Is there no honor among hackers, or information leakers?
Last week, even RankMyHack.com got hacked. The website, which awards points for proof that you've hacked particular websites, isn't the first such leaderboard. But the site had grabbed a lot of attention in a short period of time for listing hacking point values for prominent websites, such as the White House's (34,594 points).
Not everyone, however, was content to play by the site's rules. Instead of hacking third-party sites and submitting proof to earn points, two hackers decided instead to hack RankMyHack.com itself. How many points was that worth? Only 717, apparently.
But to look up any more point values, you'll need to join--and submit evidence of hacking prowess--since after all of the "media" interest, the site's administrators said they're restricting access to the URL input page to confirmed members only. Membership, in other words, has its privileges--unless, of course, the players turn against you.
On a related note, the limelight-loving Julian Assange, founder of WikiLeaks, posted an "editorial" last week on the WikiLeaks site in which he announced that he had "commenced pre-litigation action" against two former partners: the Guardian newspaper, after its reporter "recklessly, and without gaining our approval, knowingly disclosed the decryption passwords in a book published by the Guardian"; and a German programmer, Daniel Domscheit-Berg.
The Guardian, in a statement sent in email, noted that this is the third time Assange has threatened suit against it, following previous accusations of loss of earnings (November 2010) and of libel after the Guardian released a WikiLeaks book in February 2011. Neither of those suits has come to pass.
As for Domscheit-Berg, he met Assange in 2007 and rose to become the No. 2 person inside WikiLeaks, before parting bitterly with Assange, whom he labeled an "autocratic ruler" pursuing a "cult of stardom." Assange this week accused Domscheit-Berg of revealing a WikiLeaks security vulnerability.
But that vulnerability may have begun with Assange, who lost control of a "cables.csv" file containing un-redacted versions of all 251,287 State Department cables obtained by the group. Evidently, he forgot to delete the password-protected file from the secure WikiLeaks server, after telling two Guardian reporters that it would be shared only with them and online only for a few hours. The reporters, no doubt seeking additional color for the WikiLeaks book they penned, included the password in their book--also a security misstep. But they had no way of knowing that later on, not only had someone else (by some accounts, a WikiLeaks supporter) obtained a copy of the same file, but that person had also released it on BitTorrent.
In Assange's reading, however, his former partners are turning against him. In particular, he said, the Guardian failed to play by his rules, violating a confidentiality agreement it had signed. (Although as an astute reader noted, can WikiLeaks sue someone for disclosing government communications it illegally obtained?) That agreement dictated that the cables be released only in thematic batches, after being arduously read and redacted by people with local knowledge.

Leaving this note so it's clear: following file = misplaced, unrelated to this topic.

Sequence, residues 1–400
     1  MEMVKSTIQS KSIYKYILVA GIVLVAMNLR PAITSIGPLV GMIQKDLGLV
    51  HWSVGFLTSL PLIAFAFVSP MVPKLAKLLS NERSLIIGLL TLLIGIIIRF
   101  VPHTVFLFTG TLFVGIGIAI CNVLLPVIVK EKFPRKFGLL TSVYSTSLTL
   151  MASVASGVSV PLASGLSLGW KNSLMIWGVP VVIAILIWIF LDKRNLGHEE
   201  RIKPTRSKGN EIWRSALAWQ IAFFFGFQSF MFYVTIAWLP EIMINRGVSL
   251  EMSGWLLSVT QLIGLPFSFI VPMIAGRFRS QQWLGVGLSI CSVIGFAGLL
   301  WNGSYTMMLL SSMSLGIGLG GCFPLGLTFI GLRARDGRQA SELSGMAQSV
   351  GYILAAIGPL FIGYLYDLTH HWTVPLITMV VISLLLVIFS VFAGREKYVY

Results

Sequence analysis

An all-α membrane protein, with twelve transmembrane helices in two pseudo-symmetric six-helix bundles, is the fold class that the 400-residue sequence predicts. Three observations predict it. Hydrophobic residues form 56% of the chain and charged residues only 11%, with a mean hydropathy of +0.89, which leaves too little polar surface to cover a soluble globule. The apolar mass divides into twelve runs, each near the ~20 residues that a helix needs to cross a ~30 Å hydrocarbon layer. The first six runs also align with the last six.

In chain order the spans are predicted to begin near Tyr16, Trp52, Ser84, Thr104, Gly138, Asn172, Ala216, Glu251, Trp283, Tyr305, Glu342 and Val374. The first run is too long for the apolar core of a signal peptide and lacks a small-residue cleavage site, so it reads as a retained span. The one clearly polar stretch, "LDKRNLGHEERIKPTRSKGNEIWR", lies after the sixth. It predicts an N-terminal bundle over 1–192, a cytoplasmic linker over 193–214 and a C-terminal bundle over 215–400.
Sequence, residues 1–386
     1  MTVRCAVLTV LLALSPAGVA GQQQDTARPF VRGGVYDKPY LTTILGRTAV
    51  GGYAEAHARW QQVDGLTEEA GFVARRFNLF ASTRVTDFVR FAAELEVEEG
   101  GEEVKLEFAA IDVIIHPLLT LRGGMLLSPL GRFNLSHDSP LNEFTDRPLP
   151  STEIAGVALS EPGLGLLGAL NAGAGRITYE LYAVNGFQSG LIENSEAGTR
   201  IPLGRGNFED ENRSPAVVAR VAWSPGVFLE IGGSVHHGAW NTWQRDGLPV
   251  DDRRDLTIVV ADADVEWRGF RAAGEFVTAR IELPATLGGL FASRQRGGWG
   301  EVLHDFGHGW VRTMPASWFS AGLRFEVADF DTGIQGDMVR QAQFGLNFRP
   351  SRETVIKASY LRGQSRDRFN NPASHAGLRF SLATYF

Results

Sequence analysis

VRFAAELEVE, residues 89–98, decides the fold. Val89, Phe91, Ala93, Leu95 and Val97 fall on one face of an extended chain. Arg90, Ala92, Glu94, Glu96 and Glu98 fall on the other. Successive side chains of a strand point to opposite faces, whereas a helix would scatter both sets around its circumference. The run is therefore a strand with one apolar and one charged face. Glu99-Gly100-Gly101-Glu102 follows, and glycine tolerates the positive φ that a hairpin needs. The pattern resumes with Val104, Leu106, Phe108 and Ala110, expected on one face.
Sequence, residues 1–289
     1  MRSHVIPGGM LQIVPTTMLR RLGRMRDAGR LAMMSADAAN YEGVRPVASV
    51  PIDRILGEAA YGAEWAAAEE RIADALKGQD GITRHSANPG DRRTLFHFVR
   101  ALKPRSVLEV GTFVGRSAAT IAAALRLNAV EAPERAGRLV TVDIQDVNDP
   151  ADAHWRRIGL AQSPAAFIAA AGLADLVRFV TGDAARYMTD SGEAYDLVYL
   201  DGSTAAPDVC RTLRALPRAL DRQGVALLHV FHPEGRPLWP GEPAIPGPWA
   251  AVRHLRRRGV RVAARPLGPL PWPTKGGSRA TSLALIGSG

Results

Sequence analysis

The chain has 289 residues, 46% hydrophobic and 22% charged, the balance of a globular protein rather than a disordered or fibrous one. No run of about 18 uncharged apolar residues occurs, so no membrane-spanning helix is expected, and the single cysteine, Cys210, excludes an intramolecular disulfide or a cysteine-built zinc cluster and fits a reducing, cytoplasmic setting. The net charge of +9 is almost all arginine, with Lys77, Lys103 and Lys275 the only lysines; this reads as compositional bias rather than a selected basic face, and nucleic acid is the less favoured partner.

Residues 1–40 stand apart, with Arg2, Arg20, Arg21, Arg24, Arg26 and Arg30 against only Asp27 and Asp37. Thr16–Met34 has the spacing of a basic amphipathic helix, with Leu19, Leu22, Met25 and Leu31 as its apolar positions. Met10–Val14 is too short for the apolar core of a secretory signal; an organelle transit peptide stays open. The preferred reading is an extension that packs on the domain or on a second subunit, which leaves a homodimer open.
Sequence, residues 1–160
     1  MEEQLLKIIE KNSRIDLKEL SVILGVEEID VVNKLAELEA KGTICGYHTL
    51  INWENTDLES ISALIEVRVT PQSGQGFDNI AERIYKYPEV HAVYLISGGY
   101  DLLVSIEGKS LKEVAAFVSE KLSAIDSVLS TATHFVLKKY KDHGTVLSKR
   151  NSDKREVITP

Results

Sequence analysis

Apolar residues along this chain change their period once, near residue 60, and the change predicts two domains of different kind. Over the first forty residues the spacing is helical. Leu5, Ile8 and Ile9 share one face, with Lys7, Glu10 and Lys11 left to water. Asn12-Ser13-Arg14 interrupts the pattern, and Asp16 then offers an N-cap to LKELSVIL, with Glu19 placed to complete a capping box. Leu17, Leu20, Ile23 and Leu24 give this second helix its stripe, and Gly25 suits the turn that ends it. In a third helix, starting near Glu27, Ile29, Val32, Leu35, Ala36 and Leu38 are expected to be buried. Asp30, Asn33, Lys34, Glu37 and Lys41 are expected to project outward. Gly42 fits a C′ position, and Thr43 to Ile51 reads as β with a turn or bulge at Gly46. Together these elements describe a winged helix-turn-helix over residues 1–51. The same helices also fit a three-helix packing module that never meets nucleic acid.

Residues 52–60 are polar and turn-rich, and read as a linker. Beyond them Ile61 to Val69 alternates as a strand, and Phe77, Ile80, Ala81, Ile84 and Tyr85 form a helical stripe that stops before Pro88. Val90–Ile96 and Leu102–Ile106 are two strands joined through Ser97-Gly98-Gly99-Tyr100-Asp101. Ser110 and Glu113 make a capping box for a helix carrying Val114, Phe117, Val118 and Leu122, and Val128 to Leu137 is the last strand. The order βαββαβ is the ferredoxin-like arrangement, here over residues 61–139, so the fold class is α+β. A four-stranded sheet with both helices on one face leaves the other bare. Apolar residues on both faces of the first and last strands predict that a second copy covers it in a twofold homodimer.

So, in a logical leap, two weeks ago, Assange chose to release 134,000 new cables--over six times what had been previously released--without redaction. In other words, Assange appears to have rushed the cable release not in the spirit of responsible disclosure, but rather to beat perceived rivals at a game of his own devising. Unfortunately, the cables also included the names of at least 100 confidential diplomatic sources, triggering criticism from both the U.S. State Department and the news organizations that have been devoting months to read, redact, and release the cables.
Next, Assange turned democratic, putting the question of un-redacted cable disclosure to his Twitter followers. Their response, he said, was 100 to 1 in favor of releasing all of the un-redacted versions.
On Friday he released every cable, without redaction. The move drew swift condemnation from five former media partners: the Guardian, Le Monde, the New York Times, El Pais, and Der Spiegel. They issued a joint statement saying that "we deplore the decision of WikiLeaks to publish the un-redacted state department cables, which may put sources at risk," and they noted that "the decision to publish by Julian Assange was his, and his alone."
Interestingly, according to the Guardian, Assange didn't start out as a proponent of redaction. "Initially, as has been widely reported, Assange was unwilling to remove material to protect informants, but the Guardian and its media partners persuaded him that the diplomatic cables should be carefully redacted before release, and this editing process was carried out by the newspapers."
Did his information-leaking partners turn against him? In the end, the security-paranoid Assange found himself in this situation by fumbling some security basics, including failing to compartmentalize sensitive information and delete copies of it in a timely manner.
In its statement, the Guardian also called attention to the date when the cables.csv file was first shared on BitTorrent, after its reporters accessed it in July 2010. "It appears that two versions of this file were subsequently posted to a peer-to-peer file sharing network using the same password. One version was posted on December 7, 2010--a few hours before Julian Assange was arrested following an extradition request," the newspaper said.
To recap: Assange set the rules of the game but seems to have tripped himself up. Then, before he could be widely scooped, he opted instead for a scorched earth policy and released all of the cables himself.
Now, will anyone want to play with WikiLeaks again?
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